$250.00 for a master cylinder is about right for Firestone but it will cost a lot less anywhere else. We have the same problem with the Firestone store in my city.
First you need to prove the wheel fell off because of the previous brake work. Logic would say that is so, but how did it not cause problems for three weeks? There will always be some kind of noise or handling problem associated with something coming apart so the case can be made that you contributed to the problem by continuing to drive it like that. I know that doesn't sound right, and I've had problems of my own doing that I didn't notice, but I've also detected problems, (including a wheel about to fall off), caused by my students.
I doubt that whatever was "put back together" at the impound yard constitutes a repair. I suspect they simply set the parts in such a way as to not cause further damage. Let the guys at Firestone repair what they worked on, then, if it still needs a master cylinder, they should pay for that too if indeed the original problem was their fault. You should understand too that if something was still attached by a cable, presumably the parking brake cable, whatever broke might not even be related to their brake work. If they will not pay for the master cylinder, tell them to fix what they worked on, and you'll take the van as is to a different shop. You should still have one front brake and one rear brake.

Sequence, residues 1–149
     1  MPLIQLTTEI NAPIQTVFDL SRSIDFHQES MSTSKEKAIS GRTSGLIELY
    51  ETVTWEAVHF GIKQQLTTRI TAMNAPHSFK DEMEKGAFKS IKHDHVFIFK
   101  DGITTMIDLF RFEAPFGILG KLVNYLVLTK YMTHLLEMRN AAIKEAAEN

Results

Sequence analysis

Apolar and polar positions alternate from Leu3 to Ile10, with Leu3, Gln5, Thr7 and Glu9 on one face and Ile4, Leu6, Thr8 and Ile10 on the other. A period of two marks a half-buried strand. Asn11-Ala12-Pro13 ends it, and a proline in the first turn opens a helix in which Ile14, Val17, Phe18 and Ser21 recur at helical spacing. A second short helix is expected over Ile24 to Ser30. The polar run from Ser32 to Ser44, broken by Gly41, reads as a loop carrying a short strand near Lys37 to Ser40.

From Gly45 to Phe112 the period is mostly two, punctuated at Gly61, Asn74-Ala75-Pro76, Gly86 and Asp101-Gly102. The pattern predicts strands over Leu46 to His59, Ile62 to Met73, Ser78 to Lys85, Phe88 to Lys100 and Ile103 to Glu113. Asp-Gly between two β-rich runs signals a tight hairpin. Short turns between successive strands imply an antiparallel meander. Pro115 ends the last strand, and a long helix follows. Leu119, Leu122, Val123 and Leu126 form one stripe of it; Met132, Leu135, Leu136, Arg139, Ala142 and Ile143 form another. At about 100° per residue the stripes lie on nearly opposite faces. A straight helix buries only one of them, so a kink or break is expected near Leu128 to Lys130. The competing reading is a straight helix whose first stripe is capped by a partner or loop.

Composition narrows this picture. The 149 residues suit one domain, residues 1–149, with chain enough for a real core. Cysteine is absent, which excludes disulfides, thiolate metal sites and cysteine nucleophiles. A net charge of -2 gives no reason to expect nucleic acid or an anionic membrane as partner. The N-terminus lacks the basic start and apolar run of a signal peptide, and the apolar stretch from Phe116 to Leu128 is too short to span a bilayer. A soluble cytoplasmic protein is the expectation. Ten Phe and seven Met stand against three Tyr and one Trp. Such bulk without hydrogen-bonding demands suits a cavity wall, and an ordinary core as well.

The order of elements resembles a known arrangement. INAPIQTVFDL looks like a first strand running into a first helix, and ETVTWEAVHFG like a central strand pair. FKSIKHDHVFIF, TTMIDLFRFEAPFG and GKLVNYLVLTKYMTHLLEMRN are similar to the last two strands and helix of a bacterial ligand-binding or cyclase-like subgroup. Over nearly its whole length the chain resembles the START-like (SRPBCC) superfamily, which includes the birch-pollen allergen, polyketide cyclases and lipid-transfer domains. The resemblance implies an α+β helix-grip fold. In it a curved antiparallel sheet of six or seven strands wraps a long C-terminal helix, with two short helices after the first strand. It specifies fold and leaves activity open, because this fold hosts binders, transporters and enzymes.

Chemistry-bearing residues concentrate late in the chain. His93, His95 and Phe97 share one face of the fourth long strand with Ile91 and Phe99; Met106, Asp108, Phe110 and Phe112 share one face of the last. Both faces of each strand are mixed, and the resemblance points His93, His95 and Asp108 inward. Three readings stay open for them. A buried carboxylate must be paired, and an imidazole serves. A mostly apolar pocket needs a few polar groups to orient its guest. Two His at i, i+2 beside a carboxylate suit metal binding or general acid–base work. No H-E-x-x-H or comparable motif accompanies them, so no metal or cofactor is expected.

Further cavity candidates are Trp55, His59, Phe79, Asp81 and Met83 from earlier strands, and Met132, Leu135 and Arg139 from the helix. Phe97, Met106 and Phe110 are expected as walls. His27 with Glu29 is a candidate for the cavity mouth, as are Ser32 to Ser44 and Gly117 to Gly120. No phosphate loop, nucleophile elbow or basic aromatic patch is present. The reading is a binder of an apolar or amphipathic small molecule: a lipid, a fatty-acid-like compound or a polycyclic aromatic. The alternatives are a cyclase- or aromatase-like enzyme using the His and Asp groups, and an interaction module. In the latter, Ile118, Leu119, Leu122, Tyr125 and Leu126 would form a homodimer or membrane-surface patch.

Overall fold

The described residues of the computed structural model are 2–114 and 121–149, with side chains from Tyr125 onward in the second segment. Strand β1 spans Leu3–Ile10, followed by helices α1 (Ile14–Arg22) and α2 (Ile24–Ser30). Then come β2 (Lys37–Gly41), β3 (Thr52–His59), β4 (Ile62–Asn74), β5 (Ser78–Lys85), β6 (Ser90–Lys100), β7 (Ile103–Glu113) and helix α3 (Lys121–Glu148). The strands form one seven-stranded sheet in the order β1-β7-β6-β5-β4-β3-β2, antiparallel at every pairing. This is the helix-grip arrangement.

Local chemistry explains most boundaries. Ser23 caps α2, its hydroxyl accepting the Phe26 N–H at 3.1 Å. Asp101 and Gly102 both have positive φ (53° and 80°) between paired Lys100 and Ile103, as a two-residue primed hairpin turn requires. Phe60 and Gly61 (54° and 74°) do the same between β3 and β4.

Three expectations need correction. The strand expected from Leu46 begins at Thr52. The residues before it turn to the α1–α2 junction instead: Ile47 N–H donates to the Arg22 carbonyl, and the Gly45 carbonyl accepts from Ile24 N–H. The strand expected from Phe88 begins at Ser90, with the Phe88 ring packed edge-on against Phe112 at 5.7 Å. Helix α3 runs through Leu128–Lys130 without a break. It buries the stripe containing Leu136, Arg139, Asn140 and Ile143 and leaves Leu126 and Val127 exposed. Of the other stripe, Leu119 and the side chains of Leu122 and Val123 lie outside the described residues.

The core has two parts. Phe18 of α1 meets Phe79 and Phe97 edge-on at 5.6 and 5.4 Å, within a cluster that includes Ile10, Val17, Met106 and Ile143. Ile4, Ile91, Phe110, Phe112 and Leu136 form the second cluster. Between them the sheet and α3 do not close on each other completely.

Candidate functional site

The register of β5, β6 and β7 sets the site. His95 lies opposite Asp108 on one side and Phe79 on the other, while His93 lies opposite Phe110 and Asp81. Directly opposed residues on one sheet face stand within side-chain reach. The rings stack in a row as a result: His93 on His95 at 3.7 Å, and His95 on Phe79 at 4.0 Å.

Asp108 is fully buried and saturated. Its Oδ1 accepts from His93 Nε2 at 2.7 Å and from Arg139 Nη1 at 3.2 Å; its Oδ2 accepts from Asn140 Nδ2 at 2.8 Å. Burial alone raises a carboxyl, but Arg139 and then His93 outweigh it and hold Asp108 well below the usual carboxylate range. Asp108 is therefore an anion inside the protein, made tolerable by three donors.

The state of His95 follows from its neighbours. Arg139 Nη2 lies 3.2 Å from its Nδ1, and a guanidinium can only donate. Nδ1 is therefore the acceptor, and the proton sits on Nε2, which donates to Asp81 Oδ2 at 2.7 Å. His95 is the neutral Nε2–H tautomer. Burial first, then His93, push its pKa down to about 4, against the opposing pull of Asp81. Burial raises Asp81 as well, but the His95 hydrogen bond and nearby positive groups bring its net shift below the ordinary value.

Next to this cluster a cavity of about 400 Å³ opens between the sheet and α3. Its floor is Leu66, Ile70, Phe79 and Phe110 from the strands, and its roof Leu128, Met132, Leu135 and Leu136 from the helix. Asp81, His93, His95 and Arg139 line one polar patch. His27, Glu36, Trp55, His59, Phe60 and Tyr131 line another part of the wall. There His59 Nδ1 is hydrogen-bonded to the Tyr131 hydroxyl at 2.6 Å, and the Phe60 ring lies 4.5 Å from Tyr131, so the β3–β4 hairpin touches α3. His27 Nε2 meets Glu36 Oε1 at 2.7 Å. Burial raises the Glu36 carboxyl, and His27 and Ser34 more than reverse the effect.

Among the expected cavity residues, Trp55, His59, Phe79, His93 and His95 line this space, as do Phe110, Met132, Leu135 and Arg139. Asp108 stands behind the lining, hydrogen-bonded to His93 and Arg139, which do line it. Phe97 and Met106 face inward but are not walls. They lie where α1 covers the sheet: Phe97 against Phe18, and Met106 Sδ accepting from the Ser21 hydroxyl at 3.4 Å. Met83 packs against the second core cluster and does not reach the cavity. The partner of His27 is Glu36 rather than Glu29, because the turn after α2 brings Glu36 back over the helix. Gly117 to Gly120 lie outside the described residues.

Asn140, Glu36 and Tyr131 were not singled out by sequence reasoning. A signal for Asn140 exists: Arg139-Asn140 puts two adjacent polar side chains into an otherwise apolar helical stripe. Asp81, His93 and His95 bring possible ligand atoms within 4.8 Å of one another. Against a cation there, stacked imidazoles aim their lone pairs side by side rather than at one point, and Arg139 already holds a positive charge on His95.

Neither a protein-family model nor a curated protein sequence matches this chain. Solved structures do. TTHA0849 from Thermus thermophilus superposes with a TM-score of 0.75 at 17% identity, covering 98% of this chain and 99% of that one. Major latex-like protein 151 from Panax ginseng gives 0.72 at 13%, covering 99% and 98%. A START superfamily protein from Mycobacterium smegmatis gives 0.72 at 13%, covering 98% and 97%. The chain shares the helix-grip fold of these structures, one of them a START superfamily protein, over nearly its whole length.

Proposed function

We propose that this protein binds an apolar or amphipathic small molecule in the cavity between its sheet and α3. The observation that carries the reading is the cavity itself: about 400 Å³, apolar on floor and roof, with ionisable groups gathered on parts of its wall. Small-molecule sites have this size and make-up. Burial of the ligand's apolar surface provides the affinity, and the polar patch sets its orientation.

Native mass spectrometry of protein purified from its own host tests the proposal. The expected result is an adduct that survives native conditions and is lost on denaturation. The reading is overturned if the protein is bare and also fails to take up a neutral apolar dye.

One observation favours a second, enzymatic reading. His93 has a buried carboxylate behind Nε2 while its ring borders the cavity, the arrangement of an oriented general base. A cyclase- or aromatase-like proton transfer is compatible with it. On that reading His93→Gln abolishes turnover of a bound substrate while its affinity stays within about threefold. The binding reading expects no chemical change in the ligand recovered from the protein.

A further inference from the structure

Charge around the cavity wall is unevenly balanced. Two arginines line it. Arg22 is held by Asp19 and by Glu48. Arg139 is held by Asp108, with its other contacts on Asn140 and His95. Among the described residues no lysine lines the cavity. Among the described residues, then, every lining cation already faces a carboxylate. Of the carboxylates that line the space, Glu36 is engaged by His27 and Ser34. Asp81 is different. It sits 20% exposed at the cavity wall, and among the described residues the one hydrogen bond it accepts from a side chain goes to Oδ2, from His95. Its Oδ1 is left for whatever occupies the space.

The master cylinder can fail due to other hydraulic system problems with the brakes. There are lip seals that travel in only one half of their bores. When anything happens to cause a fluid leak, the brake pedal will go down further than normal, possibly all the way to the floor. That's when those lip seals run over the section where they don't normally travel. Crud and corrosion build up there. Running the seals over them can rip them resulting in loss of part of the brake system. That's why we always mention the possibility of needing a new master cylinder anytime a hose or steel line pops a leak. Sometimes you get lucky and don't need one, and sometimes the problem doesn't show up for a few days or weeks.
If you have the standard master cylinder, it should cost around $50.00 and could take about an hour to replace. It might take longer on your van because it is kind of hard to get to. I recently replaced it on my '88 Grand Caravan which was designed for ease of service, and it took less than 20 minutes. Most shops are charging around $100.00 per hour for labor which is a real good deal if you knew all the expenses they have. Still, I guess I'd want to know why they want so much at Firestone. Vehicles with anti-lock brakes will cost more because it can take longer to bleed the air out of the system.
If you end up at a different shop, don't complain about Firestone by name, at least not right away. They might be friends or mortal enemies, but you don't want their judgment swayed by the previous shop that worked on it. You just want a fair and honest opinion. Also, Firestone could have the most conscientious manager with an inexperienced new mechanic so it isn't fair to blame the whole business for the actions of one employee. It is more fair to judge them by how they handle this current problem. Do they want to make it right or do they value more money over your loyalty? Valuing more money is extremely common at GM dealerships and shows in their business practices and the way they design their cars to have to go back to the dealership very often for expensive repairs. Most other dealers understand taking care of you now will pay off in the long run with repeat business from loyal customers who feel they were treated right.
Wednesday, January 26th, 2011 AT 6:35 PM